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Salary Ranges for Careers in International Affairs

by Ruth Altman, studioD

People are attracted to the idea of working in international affairs for many reasons, ranging from growth opportunities to the chance to travel. Positions are extremely varied and can range from public information to military, teaching or private sector consulting, depending on the individual’s skill and interests. When it comes to pay, salary ranges are equally varied, depending on responsibilities, demand and specialization.

U.S. Foreign Service

Joining the U.S. Foreign Service is one of the leading ways to gain entry in international affairs, according to Lehigh University. About 8,000 people work in U.S. embassies, the U.S. State Department and the U.S. Information Agency in Washington, D.C. Most individuals start as Foreign Service officers or Foreign Service specialists. Entry-level Foreign Service officers without a bachelor’s degree earned a 2012 annual wage of $43,213 per year according to the United States Department of State 2012 Foreign Service (FS) salary table. Salaries increase with more experience and education. Entry-level Foreign Service specialists, on the other hand, must generally hold a bachelor’s degree to become eligible for employment. They may earn a wider range of salaries depending on their specific post. Specialist salaries can range anywhere from around $30,000 to around $100,000.

Political Scientists

Many political scientists work for the U.S. federal government. They are responsible for studying political systems and ideas, and many pursue specializations such as management, public service or public information. Some political scientists specialize in international relations and work with assigned foreign governments, businesses or organizations to establish, advise or revise public policy. According to the U.S. Bureau of Labor Statistics (BLS), political scientists earned a 2010 median wage of $107,420 per year.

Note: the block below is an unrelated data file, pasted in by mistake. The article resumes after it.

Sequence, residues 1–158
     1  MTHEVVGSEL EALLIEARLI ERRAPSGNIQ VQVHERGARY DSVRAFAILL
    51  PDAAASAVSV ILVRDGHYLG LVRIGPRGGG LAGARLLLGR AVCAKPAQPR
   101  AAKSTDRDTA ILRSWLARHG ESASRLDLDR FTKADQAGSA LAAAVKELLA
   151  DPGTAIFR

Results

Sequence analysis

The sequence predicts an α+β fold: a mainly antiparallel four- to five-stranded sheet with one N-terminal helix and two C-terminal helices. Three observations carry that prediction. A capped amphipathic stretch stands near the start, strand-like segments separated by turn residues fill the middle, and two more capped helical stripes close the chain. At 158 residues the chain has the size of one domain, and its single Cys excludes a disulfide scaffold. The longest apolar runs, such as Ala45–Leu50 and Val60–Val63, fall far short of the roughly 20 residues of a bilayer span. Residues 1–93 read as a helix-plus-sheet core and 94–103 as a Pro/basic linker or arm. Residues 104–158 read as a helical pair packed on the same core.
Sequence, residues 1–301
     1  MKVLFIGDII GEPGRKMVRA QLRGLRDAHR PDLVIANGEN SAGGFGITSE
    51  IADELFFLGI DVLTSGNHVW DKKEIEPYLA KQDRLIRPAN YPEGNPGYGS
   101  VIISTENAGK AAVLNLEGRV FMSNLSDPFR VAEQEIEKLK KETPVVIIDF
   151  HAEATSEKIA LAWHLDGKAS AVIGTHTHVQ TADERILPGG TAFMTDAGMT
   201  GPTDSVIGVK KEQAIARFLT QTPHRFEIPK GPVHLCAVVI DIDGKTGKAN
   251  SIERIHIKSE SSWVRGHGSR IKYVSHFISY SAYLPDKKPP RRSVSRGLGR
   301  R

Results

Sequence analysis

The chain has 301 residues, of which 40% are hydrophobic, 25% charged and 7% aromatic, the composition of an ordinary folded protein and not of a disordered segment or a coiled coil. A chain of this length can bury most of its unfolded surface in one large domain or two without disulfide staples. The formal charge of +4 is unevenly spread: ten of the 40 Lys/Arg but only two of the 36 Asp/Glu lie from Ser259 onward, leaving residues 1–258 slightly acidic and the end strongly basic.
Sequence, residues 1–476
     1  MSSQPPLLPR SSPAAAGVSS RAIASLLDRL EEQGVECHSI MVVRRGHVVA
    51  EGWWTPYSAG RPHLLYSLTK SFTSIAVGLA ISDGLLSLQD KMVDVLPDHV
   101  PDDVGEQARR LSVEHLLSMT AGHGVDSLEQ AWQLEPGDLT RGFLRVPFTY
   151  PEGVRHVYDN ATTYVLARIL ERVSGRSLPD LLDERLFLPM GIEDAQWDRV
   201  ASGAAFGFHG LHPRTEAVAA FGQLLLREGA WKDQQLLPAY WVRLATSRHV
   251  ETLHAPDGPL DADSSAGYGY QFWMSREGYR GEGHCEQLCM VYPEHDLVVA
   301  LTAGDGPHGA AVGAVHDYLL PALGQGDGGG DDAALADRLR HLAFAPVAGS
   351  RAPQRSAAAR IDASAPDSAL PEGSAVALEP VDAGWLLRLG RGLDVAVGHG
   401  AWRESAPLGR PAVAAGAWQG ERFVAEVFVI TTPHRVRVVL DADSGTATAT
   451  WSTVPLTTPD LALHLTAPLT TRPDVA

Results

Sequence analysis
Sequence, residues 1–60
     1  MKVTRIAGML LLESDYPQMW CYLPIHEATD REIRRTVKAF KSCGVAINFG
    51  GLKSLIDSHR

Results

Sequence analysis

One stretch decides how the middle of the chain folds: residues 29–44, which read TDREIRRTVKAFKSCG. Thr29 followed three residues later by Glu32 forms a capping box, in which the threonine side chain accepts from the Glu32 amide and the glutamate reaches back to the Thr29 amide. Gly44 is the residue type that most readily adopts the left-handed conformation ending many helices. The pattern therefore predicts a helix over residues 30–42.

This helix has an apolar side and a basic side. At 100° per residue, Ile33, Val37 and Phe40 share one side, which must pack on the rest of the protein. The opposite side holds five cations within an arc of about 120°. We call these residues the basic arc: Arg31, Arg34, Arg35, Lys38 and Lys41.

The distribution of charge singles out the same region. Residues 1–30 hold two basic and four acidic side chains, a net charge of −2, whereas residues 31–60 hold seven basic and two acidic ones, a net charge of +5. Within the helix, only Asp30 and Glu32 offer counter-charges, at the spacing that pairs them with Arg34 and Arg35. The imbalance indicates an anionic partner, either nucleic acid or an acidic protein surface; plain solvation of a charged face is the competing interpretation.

Research Assistants

Research assistants are employed in a variety of settings, including foreign governments, nonprofits or universities. They assist managers, professors or political leaders in gathering, preparing and distributing data. Research assistants may also help formulate and edit information for reports and other publications. According to the BLS, social science research assistants, including those who specialize in international affairs, earned a 2012 median wage of $40,760 annually.

Postsecondary Teaching

Individuals interested in international affairs with a master’s degree or higher are generally qualified to enter the field of postsecondary teaching. They may work abroad or teach in the United States. Professors of international affairs educate students in a relevant discipline, such political science, law, government, business or foreign languages. In addition to teaching, professors of international affairs may also conduct research, head university projects or publish books. According to the BLS, postsecondary teachers, including those who specialize in teaching international affairs, earned a 2010 median wage of $62,050 per year.

About the Author

Ruth Altman writes on business, lifestyle and careers. She holds a Master of Arts degree from Pepperdine University in addition to a bachelor's degree from Harvard University.

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